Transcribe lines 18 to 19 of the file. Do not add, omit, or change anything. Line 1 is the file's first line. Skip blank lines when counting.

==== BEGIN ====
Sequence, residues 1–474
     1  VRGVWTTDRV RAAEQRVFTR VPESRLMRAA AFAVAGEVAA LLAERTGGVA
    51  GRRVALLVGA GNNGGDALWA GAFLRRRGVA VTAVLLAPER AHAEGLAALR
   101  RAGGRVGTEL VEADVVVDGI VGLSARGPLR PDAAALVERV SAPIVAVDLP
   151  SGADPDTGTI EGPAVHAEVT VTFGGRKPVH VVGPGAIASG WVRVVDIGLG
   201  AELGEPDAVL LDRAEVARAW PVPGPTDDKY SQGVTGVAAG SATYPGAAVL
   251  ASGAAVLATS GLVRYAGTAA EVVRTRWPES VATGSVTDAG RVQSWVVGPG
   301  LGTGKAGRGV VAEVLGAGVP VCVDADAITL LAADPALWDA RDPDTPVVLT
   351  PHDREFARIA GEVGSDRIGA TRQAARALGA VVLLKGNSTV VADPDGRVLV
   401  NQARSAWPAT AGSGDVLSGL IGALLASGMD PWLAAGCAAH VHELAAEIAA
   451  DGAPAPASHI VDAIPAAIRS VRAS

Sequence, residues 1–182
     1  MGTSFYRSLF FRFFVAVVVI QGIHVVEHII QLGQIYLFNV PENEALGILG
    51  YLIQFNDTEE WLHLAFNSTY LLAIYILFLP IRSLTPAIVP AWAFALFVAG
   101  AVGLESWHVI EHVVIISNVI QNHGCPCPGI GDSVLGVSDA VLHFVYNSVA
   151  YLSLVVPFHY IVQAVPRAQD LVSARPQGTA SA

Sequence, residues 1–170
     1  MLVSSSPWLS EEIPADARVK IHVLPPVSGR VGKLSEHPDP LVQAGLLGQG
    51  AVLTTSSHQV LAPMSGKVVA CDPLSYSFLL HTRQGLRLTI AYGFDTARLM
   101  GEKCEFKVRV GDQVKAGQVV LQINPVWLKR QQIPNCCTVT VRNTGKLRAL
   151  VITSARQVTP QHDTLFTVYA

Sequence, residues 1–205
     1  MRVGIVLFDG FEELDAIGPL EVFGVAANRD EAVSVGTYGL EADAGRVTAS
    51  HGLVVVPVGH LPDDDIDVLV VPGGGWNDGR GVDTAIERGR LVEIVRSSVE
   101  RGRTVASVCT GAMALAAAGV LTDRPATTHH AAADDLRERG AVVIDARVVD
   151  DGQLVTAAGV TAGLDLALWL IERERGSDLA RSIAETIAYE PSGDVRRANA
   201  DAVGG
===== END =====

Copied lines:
     1  MLVSSSPWLS EEIPADARVK IHVLPPVSGR VGKLSEHPDP LVQAGLLGQG
    51  AVLTTSSHQV LAPMSGKVVA CDPLSYSFLL HTRQGLRLTI AYGFDTARLM